Apogee announced plans to sell the Harmon AutoGlass service division late Wednesday after the market close.Russ Huffer, CEO of the Bloomington-based company, told analysts Thursday morning that the investment community has been suggesting this divestiture for some time, he said.
Investors appeared to welcome the news. Apogee shares closed Thursday at $11.79, up 49 cents.
To date, Apogee has invested $13 million to $14 million in the auto-glass unit, said CFO Mike Clauer. The auto-glass business formed the original basis for the company.
Harmon has struggled with price competition and suffered earnings drops of 50 to 60 percent for several quarters. With the sale, Apogee will take a $6 million to $10 million charge this year but gain in other ways, officials said.
"One thing to remember on the retail auto-glass business is that it appears to be a low-net investment, but we have an annual operating lease expenses in excess of $30 million," Clauer said. "So we will see some other significant changes in our financial position from the position that we will no longer have that high operating lease cost. . . . For the full year, we actually anticipate the transaction will be cash-positive to Apogee."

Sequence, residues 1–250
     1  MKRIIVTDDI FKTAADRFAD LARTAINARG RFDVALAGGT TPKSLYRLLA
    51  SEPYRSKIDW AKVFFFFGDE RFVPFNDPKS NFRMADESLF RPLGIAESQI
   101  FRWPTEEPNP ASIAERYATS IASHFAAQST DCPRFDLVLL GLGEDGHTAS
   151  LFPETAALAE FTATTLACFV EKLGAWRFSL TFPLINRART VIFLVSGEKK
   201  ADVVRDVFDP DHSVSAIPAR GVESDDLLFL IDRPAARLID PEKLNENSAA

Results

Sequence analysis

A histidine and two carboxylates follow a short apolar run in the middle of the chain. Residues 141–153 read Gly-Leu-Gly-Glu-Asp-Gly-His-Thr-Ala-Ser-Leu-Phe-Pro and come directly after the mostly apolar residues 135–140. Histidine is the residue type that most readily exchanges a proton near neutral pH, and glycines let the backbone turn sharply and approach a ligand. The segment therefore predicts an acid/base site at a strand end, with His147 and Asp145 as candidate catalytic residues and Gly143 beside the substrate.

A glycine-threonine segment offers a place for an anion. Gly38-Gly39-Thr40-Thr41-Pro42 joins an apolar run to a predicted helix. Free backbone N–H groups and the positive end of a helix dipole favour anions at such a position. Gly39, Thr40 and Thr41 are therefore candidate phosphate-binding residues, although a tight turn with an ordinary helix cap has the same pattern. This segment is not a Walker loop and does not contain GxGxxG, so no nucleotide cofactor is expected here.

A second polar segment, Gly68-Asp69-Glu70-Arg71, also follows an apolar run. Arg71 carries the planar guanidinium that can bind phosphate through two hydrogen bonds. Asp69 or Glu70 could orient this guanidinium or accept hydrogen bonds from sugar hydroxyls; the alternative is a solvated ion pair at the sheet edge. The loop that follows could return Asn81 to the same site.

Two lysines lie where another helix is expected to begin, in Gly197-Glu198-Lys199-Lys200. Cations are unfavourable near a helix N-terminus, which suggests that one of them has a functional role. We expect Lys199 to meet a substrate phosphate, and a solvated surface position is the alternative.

Apogee's 34 percent stake in windshield firm PPG Auto Glass will remain in place after the sale. Officials said they expect the sale of the Harmon retail unit to benefit the joint venture because a new owner probably will "enhance" the retail service chain, creating more sales outlets. Nearly all of the windshields Apogee makes are sold through PPG, Huffer said.
Huffer told analysts that Apogee is in talks with several potential buyers. Lazard Freres & Co. has been hired to find a buyer and complete the transaction by Feb. 28.
Huffer said the intention is for Apogee to shift its emphasis to the more profitable architectural, large-scale optical and picture-framing glass fabrication and services.
He added that the company has been heartened by the latest projections for the construction industry, which had suffered a slowdown as office-vacancy rates rose during the recession.
Apogee, which specializes in making thick laminated-glass windows for buildings, was helped by a post-9/11 surge in demand for blast-resistant glass.
"Market indicators are looking more positive than they have for some time" for commercial construction, Huffer said.